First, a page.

POLK COUNTY, Fla. — Florida currently ranks fourth in the nation for the number of animals euthanized in 2020, according to the Best Friends organization. While many animal control agencies are on track to becoming no-kill shelters, there’s one county that has led the state in euthanization rates for at least three years now — that’s Polk County.
“There is nothing wrong with these dogs, nothing other than the fact that there are too many in this county,” said Shannon Medina, a co-founder with Angie Lorio of the Polk County Bully Project, created three years ago when the stats first came out.
Polk County is largely rural.
“I would say that there's backyard breeding of pit bulls,” Medina explained, “A lot of times people are just doing it to make money.”
The Bully Project prioritizes pit bull breeds because the county does not adopt them out.
"So those dogs that are labeled pits have to be rescue only… there's no other way out. But we cannot get ahead of the flow of dogs,” Medina stressed.
The ladies showed ABC Action News through their dog kennel rooms. They introduced us to Aspen, a small pit bull mix who had just had his ninth surgery at the SPCA facility.
“Someone tied a leash around his muzzle,” Medina exclaimed. Aspen was likely used as a bait dog in fights, Lorio added that they could see through his entire snout and it was riddled with infections.
If Aspen was not rescued by the ladies, he would have been a statistic.
For example, in the month of June, the county animal shelter started with 677 animals.
- 1,108 more came in
- 364 were adopted out
- 78 were returned to their owners
- 45 were transferred
- 434 were euthanized
By July 1, they still had 737 cats and dogs.
For the last year, the county has had a moratorium on owner surrenders, those are the dogs that fill the kennels at the local SPCA.
“We have a kennel that fills about 48 dogs, our small dog puppy room will hold about 25 to 30, and we do have probably about 150 to 200 cats on property too, plus about 200 cats in foster care,” explained Randa Ritcher, the media relations liaison for Polk County SPCA Florida.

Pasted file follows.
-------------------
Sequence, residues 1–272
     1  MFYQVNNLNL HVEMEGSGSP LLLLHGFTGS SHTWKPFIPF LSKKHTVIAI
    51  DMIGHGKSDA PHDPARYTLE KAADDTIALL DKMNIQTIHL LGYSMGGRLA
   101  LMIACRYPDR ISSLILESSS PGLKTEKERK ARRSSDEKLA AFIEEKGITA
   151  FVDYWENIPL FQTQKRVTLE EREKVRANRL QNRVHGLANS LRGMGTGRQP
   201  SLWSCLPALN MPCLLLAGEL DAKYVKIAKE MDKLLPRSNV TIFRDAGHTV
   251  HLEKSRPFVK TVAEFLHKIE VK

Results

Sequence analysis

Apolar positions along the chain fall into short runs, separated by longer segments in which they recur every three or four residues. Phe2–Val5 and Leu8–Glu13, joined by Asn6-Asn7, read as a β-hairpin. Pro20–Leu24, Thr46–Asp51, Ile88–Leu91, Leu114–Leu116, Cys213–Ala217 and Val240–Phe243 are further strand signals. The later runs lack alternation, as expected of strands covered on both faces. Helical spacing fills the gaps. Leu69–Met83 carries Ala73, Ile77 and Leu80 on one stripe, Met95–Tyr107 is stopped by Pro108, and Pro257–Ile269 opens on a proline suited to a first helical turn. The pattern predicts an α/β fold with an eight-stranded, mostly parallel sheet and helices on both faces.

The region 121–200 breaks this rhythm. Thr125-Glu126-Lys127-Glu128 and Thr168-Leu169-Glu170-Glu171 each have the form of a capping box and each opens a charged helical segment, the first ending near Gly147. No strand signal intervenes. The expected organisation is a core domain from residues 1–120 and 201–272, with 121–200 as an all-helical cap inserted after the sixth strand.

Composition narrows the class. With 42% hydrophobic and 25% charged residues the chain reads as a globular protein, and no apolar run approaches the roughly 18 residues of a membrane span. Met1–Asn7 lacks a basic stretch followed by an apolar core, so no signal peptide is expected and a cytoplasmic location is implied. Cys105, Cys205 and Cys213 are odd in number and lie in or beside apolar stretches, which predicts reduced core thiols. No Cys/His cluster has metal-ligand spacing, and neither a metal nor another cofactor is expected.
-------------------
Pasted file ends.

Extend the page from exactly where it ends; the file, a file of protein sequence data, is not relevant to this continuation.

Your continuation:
The majority of their cats are from animal control. Ritcher said because Florida is so hot, cats will have twice as many litters than dogs every year.
While the county has made serious strides in saving more animals, summer is always the hardest season for shelters, especially this year with more people heading out to travel after pandemic shutdowns.
For the month of June, the county shelter’s live release rate for dogs was 71% and for cats, 37%. The euthanasia rate for dogs was 11%, and cats 30%.
If we look at last year’s numbers as a whole, the Best Friends organization reports Polk County took in more than 16,000 dogs and was able to save 11,000.
On the other side, bordering Hillsborough County took in 18,000 and saved 17,000.
The difference? Legislation.
Hillsborough County currently requires owners to register and license their cats and dogs, breeders to obtain permits, and provides rebate incentives for spay and neuter.
“People either need low cost or no-cost spay and neuter so we just need funding to help cover that,” Ritcher said.
“If we could start with the first step of requiring people to get a license to breed,” Medina added. “So money coming in for things like that could support spay and neuter voucher program. So one thing kind of needs to feed another.”
Until then, citizens can help by adopting or fostering. The Bully Project says if you can drive to them, they’ll provide everything you need to help foster.
The Bully Project does not receive any money from the county, so they rely solely on donations. You can donate here.
ABC Action News made several attempts to reach the Polk County commissioners about the possibility of legislation via phone and email. We did not receive a response.